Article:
ST. LOUIS — A plea hearing has been scheduled for former St. Louis Alderman John Collins-Muhammad – one of four St. Louis area public officials indicted in a years-long federal bribery investigation.
A change-of-plea hearing has been set for Aug. 23 before District Judge Stephen R. Clark.
There is a chance he could be detained until his sentencing hearing, but his attorney Joseph Flees thinks it is unlikely. He said he is prepared to show the judge Collins-Muhammad is not a risk to society or a flight risk.
“It would be unusual for him to be detained at this stage, but it’s possible,” Flees said. “After he enters his guilty plea, the judge will order a pre-sentence investigation report where the U.S. Attorney’s Office determines the facts the judge should consider for sentencing. Then, we get to prepare materials for judge to consider.”
Collins-Muhammad is facing three charges, which carry a maximum of 35 years in prison combined. Flees told 5 On Your Side he plans to seek probation and non-incarceration.
"There is no excuse for his conduct, but he has a lot of potential for rehabilitation and he's got a family," Flees said.
Flees said he expects his client’s sentencing hearing to be set sometime in November or December.
“He has a stable home plan, a job supporting his family, no violations of his pre-trial release conditions, all things I’ll be able to prove, but at the end of the day it’s up to Judge Clark on whether he is detained,” Flees said. “He's not disputing the allegations contained in indictment and wants to accept responsibility for what he did do.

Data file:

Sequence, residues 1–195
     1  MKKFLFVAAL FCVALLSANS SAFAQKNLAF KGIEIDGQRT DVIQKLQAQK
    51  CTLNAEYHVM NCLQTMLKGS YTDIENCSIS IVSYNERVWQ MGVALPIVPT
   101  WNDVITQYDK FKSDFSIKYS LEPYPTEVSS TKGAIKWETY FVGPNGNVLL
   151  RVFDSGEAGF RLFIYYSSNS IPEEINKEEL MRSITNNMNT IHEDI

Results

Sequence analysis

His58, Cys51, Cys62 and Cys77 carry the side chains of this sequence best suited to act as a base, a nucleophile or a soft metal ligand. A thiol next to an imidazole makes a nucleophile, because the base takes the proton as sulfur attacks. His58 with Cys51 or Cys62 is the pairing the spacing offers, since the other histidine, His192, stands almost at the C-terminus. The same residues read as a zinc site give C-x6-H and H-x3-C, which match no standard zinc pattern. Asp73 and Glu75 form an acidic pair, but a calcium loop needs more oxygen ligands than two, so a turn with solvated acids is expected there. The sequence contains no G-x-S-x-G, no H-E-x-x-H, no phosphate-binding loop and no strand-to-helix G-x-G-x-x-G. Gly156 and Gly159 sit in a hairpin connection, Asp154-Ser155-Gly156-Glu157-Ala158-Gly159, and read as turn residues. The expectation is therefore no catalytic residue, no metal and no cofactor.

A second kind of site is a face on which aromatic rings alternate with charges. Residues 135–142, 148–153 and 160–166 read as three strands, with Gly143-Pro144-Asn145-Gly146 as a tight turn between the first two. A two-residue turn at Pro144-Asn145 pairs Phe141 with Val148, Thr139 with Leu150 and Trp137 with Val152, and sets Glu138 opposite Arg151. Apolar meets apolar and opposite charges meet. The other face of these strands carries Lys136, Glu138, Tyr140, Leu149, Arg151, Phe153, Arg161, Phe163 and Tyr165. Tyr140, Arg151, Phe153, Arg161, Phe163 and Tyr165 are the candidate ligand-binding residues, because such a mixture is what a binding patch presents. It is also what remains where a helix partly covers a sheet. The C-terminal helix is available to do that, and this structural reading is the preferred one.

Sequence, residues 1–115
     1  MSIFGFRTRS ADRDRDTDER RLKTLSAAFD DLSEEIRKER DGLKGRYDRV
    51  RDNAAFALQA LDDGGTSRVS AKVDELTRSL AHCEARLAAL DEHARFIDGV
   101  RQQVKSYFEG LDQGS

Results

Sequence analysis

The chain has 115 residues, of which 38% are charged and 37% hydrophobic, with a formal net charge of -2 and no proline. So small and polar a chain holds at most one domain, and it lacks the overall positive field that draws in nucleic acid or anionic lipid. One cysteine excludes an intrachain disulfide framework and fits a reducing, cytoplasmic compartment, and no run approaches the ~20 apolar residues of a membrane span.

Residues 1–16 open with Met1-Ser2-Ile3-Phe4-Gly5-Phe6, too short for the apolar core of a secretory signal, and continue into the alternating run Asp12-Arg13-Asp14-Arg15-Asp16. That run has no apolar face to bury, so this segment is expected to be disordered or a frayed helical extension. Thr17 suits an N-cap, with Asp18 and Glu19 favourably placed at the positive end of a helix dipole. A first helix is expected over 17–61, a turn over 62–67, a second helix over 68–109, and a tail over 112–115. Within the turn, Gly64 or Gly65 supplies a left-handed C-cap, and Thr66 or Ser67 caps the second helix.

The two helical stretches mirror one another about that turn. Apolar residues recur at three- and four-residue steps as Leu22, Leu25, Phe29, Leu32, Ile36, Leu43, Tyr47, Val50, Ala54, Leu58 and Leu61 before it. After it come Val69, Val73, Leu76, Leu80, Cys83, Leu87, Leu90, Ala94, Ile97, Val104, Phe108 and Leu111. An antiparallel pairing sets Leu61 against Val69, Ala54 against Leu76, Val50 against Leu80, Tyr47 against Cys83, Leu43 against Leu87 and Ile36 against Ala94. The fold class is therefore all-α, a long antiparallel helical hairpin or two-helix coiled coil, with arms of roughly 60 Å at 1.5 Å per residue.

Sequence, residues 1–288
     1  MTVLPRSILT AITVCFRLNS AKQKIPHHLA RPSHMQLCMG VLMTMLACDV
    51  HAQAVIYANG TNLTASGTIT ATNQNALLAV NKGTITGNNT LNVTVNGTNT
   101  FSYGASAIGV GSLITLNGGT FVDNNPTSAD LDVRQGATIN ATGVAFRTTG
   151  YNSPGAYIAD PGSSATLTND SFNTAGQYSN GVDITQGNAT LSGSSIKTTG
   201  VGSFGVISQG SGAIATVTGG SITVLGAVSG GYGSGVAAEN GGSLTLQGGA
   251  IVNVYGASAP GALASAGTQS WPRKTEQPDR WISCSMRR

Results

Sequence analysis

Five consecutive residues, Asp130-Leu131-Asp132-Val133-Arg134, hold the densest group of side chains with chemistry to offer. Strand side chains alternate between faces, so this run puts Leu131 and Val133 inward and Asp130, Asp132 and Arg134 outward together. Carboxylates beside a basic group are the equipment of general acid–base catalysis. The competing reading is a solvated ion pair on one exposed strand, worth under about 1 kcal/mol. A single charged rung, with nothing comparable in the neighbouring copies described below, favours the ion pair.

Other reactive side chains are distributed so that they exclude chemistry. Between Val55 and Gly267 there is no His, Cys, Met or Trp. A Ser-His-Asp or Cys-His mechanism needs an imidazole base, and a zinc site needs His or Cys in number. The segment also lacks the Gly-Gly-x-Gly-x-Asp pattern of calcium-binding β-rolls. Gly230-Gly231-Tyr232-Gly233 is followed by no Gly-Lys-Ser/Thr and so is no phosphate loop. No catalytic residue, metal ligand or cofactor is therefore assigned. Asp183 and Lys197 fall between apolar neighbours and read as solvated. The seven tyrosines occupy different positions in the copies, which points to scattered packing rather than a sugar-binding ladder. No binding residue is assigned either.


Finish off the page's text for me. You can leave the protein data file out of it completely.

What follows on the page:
"He hopes the judge will consider the service he did provide to community and the good works he did in addition to the offense.”
Former St. Louis Alderman Jeffrey Boyd and Board of Alderman President Lewis Reed along with former St. Louis County Executive Sam Page’s political appointee Tony Weaver also got indicted as part of the same investigation.
Page appointed Weaver in January 2020 as the Change Management Coordinator at the St. Louis County Justice Services Center. Page fired him following the indictment, which alleged Weaver participated in a COVID-19 relief funds fraud scheme.
The same informant caught the alleged bribes while wearing wires for the FBI.
Collins-Muhammad’s attorney said his client is not a cooperating witness against the others.
“There is no cooperation agreement with him at this time and I don’t anticipate there will be,” he said. “That’s what everybody seems to assume, and it normally works that way, but not in this case.”
Collins-Muhammad, who resigned from the Board of Aldermen in May, previously pleaded not guilty to the charges, which allege he and former aldermen Jeffrey Boyd and Lewis Reed accepted cash bribes in exchange for advancing tax abatement legislation. Boyd and Reed also pleaded not guilty.
On June 2, Federal prosecutors revealed explosive allegations of bribery, theft and corruption reaching the highest levels of St. Louis City Hall in a 66-page indictment.
Reed and Boyd have also waived their right to pretrial motions – a sign that they are likely to enter pleas to their charges as well.